In my study of fantasy maps, one thing I’m particularly interested in is the difference between fantasy maps and their real-world counterparts. Those differences can be substantial; at some point I hope to go into a bit more depth about them. Meanwhile, James Hinton’s guest post at The Worldbuilding School tries to address this subject by comparing a single real-world city map (London, 1653) with a non-canonical map of Osgiliath from a role-playing game. His point turns out to be that fantasy settings should make sense (Osgiliath, according to the map, doesn’t): it’s a question of geography rather than cartography. The territory rather than the map. But if you begin building your fantasy world by drawing the map … Via MetaFilter.
The Fictional Maps International Conference, an academic conference on the use of maps in fiction, will take place from January 21 to 23, 2016 at the University of Silesia’s Scientific Information Centre and Academic Library in Katowice, Poland. Stefan Ekman, the author of Here Be Dragons: Exploring Fantasy Maps and Settings (my review), is the keynote speaker. Deadline for submitting abstracts is October 30.
If you’ve been following along, you will instantly understand that this is very much relevant to my interests, and though it’s been an awfully long time since I’ve been in academic mode, I might have to figure out a way to go to this.
Now that the Hugo Award statistics have been released, we can try to answer the question that has been bugging me since the nominations came out: just how many Sad and Rabid Puppy nominators were there?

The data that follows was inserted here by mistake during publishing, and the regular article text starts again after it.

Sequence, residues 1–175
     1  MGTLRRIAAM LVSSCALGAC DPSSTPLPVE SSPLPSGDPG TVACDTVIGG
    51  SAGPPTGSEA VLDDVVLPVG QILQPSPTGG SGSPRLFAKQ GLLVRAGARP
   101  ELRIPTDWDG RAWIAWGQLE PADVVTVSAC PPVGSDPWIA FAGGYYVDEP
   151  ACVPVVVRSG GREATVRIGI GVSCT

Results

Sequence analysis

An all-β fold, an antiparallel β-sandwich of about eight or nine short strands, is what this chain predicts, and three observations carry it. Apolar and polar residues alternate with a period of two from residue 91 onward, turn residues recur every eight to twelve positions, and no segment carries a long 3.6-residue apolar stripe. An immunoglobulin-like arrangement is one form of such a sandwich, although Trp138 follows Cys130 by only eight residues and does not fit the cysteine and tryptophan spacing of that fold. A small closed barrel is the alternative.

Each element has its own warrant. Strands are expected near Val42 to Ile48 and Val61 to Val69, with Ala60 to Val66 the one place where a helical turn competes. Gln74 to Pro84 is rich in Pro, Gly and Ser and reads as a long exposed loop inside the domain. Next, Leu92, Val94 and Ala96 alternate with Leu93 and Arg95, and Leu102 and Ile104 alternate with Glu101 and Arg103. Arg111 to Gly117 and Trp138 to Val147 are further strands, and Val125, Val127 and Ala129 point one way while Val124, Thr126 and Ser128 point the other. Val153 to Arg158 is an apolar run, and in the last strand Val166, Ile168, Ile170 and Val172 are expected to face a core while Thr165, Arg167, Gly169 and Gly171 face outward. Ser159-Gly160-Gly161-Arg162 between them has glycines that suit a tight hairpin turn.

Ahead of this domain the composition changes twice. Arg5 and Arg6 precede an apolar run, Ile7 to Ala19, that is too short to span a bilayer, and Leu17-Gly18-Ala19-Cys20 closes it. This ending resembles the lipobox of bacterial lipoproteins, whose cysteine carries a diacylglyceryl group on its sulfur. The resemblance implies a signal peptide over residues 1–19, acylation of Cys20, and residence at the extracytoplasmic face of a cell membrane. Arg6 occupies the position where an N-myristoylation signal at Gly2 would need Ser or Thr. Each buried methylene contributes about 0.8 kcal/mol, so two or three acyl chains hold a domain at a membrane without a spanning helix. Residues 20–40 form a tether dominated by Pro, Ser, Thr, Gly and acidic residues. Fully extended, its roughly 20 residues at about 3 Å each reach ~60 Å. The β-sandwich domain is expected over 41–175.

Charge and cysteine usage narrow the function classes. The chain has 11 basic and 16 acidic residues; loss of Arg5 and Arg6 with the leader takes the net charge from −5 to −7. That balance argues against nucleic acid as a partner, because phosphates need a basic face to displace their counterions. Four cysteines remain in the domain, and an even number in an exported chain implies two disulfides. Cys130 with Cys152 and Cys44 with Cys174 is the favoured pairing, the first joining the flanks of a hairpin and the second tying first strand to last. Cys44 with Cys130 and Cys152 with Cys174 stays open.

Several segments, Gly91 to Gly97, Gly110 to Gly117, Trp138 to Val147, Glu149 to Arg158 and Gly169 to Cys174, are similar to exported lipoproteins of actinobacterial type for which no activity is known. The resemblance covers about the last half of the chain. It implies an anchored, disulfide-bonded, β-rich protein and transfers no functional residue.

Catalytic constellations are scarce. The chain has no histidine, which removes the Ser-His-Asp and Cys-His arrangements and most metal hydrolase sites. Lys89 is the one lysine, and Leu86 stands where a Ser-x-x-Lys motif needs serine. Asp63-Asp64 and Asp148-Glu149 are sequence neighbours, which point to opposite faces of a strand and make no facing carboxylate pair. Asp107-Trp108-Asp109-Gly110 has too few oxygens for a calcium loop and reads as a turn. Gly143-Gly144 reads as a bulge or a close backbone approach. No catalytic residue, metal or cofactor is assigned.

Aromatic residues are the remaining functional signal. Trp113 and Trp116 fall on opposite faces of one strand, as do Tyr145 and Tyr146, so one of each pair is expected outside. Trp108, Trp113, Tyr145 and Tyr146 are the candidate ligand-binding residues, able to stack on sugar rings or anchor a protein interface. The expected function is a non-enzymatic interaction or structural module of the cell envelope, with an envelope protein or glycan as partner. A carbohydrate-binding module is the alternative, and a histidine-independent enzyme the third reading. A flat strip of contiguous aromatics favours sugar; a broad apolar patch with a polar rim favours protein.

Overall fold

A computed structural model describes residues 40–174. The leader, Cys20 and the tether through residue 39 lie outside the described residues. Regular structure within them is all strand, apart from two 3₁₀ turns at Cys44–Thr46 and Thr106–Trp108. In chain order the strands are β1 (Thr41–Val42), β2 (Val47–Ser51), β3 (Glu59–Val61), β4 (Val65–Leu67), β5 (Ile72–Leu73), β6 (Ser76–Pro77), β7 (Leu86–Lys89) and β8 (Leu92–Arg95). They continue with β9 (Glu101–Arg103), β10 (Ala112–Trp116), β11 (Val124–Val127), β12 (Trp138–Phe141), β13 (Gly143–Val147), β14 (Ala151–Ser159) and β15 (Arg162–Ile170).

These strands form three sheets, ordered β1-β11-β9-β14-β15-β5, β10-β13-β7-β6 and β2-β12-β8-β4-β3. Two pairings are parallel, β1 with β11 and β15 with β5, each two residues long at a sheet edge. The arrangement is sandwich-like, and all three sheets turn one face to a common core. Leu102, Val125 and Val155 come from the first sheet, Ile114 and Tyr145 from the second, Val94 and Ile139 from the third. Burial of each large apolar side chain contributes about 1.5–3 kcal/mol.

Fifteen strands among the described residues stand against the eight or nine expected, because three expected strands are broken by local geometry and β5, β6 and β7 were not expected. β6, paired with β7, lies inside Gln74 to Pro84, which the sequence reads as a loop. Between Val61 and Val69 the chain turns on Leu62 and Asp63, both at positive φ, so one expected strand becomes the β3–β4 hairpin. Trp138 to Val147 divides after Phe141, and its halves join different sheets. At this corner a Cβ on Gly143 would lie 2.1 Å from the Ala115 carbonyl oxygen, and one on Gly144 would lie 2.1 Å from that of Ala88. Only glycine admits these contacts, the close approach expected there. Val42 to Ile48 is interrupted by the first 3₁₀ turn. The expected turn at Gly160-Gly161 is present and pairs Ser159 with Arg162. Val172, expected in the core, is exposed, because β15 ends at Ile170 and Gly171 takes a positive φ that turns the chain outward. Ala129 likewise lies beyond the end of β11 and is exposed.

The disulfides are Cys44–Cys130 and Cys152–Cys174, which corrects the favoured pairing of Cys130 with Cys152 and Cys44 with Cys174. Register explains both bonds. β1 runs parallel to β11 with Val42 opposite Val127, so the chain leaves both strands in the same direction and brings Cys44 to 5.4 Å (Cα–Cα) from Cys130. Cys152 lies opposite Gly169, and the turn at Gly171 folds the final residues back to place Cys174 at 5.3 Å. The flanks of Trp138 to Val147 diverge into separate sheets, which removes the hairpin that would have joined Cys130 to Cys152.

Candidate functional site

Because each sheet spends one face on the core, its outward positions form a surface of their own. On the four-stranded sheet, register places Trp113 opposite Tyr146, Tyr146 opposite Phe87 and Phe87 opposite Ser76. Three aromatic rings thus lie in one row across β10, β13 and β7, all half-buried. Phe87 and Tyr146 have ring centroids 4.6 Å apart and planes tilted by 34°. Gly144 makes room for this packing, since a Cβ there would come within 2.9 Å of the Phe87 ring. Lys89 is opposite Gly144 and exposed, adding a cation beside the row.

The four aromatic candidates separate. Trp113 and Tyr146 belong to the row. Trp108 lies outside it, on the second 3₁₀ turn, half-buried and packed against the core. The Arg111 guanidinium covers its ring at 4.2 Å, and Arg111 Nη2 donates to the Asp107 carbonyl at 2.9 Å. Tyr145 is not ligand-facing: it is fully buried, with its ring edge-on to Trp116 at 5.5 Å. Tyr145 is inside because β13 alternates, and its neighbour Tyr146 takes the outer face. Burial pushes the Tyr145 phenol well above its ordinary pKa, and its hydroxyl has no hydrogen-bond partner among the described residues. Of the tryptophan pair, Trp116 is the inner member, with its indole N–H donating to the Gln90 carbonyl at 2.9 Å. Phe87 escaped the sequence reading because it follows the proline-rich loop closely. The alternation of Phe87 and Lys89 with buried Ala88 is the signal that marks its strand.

(Note: This post deals with the arcana of voting for the Hugo Awards. Some familiarity with the subject is required to make any sense of it. We’re talking about votes at the nomination stage earlier this year, which determined the final ballot — not the vote on the final ballot, the results of which were announced on Saturday.)
De Bodard first came to my notice with her trilogy of Aztec murder mystery fantasy novels: Servant of the Underworld (Angry Robot, 2010), Harbinger of the Storm (Angry Robot, 2011) and Master of the House of Darts (Angry Robot, 2011), now collected in an omnibus volume, Obsidian and Blood (Angry Robot, 2012: Amazon, U.K. edition). Set in a 15th-century Tenochtitlan where the Aztec religion is real (gods interact freely with mortals, and blood sacrifices are literally required to keep the sun in the sky and ensure the survival of life on earth), the novels follow the story of Acatl, the High Priest of the Dead, as he solves murders with spells and sacrifices and does his best to stave off a Mesoamerican Ragnarök that always seems just around the corner.
This morning my review of The Just City and The Philosopher Kings, the first two books of Jo Walton’s Thessaly trilogy, went live at AE. I don’t have the background in classical history and literature to get all the references, but as I argue in my review, that’s not at all necessary to enjoy these books.